(d) Characteristics of the review function
  1. As stated above, the Commission does not support the introduction of a new statutory review function. However, should the Government pursue the proposed statutory function, the Commission considers that:

    • the body responsible for exercising the review function should be independent of the Government, and could be comprised of a panel of experts drawn from various sectors (in particular, it should include representatives of Aboriginal and Torres Strait Islander peoples)

    • the body’s decision to subject an agreement to a full assessment against LPPs should be made in accordance with relevant, publicly available criteria

    • the review should be subject to strict statutory timeframes

    • the body should provide written reasons for its recommendations or decisions, within a strict statutory timeframe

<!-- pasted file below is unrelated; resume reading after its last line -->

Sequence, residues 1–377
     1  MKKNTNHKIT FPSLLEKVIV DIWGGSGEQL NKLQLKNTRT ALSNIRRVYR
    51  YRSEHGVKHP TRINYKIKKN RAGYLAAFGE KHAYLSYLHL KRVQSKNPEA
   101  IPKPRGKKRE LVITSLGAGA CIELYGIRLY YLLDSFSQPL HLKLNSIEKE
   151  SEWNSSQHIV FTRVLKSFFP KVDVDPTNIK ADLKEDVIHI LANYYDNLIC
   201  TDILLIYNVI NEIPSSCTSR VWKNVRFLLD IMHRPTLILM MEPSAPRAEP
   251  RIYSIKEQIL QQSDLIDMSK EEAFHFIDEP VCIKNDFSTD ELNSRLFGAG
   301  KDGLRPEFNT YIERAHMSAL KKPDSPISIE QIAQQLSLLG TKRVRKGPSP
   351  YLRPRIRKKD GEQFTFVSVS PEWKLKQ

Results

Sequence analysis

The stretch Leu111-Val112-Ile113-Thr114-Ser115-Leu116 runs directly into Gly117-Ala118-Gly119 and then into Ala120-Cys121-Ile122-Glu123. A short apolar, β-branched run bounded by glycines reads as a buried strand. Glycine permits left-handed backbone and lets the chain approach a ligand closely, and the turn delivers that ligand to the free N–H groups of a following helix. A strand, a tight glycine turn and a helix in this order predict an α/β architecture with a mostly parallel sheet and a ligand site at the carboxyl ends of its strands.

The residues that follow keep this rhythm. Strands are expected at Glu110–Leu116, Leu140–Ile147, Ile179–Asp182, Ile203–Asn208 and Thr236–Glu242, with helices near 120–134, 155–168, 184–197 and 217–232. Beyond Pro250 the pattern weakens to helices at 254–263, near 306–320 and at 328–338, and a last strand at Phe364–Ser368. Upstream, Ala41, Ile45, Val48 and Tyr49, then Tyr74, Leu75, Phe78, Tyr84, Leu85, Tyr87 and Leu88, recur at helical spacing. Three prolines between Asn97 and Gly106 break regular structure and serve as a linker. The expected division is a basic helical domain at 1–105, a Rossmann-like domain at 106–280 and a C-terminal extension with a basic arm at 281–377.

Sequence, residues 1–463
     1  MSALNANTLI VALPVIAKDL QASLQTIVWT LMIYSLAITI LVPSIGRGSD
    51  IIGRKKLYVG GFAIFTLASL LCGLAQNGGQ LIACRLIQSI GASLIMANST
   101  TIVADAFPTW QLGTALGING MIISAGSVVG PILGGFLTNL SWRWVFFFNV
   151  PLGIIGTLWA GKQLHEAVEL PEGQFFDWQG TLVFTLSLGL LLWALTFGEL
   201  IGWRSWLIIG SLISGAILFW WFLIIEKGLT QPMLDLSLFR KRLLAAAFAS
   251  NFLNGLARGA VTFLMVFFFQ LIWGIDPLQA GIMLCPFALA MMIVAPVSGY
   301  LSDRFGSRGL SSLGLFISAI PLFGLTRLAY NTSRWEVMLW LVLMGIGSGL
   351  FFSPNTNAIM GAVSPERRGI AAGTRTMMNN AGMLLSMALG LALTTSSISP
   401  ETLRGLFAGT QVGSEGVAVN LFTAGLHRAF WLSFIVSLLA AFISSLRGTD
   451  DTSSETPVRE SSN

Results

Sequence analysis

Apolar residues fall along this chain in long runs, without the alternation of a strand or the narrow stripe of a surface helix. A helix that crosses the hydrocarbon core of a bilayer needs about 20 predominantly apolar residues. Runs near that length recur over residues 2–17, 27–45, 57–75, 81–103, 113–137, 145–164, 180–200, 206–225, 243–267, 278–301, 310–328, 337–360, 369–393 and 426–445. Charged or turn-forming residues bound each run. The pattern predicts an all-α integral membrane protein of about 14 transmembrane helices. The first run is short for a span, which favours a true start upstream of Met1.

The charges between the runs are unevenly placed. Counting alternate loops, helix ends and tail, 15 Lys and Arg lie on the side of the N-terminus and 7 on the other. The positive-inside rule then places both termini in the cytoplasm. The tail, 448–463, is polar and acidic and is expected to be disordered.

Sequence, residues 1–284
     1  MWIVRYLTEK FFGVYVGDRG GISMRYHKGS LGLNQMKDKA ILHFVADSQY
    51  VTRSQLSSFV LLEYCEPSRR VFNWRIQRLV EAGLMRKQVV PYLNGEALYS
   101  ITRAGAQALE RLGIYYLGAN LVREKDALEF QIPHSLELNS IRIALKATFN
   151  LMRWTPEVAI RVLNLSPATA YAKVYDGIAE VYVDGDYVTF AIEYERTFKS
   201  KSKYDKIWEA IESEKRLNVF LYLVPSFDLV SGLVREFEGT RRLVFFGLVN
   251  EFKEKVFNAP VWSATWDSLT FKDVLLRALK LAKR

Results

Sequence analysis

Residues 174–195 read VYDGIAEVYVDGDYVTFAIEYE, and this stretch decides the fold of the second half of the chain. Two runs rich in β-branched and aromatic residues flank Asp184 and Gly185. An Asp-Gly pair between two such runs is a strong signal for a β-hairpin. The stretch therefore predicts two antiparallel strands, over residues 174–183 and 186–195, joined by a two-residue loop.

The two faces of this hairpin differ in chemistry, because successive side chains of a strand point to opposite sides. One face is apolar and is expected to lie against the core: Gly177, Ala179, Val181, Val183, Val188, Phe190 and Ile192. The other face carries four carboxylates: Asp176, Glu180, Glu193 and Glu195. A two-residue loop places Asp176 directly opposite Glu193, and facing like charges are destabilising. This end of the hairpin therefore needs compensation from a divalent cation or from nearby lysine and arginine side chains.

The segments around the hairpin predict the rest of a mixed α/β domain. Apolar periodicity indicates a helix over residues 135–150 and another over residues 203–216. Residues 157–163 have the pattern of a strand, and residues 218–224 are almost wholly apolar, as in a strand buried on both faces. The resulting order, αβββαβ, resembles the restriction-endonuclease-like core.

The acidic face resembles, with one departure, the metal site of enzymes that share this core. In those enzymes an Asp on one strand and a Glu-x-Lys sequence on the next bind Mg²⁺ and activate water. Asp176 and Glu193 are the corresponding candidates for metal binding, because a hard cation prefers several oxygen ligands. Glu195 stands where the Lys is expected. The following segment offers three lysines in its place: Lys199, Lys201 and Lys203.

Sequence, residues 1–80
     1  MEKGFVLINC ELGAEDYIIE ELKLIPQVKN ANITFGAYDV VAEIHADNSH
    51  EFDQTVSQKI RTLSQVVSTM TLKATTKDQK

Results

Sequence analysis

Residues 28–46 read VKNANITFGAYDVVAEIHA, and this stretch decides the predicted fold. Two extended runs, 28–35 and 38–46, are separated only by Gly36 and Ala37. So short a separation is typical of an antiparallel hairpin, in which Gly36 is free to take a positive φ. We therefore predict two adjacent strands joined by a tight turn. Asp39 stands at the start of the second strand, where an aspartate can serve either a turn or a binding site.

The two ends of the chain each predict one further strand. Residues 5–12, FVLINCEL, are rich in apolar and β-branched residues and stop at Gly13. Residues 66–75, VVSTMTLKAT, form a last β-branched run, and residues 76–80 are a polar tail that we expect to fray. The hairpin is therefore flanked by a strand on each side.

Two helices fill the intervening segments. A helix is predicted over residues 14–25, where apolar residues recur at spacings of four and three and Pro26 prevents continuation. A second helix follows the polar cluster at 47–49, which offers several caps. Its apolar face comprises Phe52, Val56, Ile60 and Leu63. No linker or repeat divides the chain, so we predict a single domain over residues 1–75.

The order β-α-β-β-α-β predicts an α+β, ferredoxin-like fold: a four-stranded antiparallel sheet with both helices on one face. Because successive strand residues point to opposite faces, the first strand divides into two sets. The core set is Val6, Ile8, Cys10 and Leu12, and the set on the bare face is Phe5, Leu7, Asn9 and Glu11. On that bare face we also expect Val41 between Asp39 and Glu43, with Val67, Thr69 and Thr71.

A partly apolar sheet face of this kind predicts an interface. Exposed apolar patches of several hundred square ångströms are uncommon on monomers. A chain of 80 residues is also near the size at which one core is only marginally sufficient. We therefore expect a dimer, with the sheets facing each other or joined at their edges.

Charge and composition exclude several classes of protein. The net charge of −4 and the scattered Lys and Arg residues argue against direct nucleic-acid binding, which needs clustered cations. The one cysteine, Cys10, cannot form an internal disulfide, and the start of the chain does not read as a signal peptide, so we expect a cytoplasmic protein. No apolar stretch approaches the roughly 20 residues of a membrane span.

• parties should be able to seek a review of the body’s decisions

    • the body should not be able to veto any terms of an agreement

    • all terms of all registered agreements should remain confidential, unless all parties agree to publication

    • the list of LPPs should be developed in partnership with Aboriginal and Torres Strait Islander peoples and their representatives

    • mechanisms should be in place to ensure that the LPPs are flexible enough to respond to a diverse range of circumstances, and that they are able to be amended easily

    • the LPPs should not require parties to an agreement to provide for basic services that are the responsibility of governments (such as education and health services).

  2. The Commission does not consider that it would be appropriate for the body to advise Ministers ‘where parties are not prepared to adopt leading practice principles’.[28] This would not be consistent with standards of confidentiality, and could politicise the work of the body.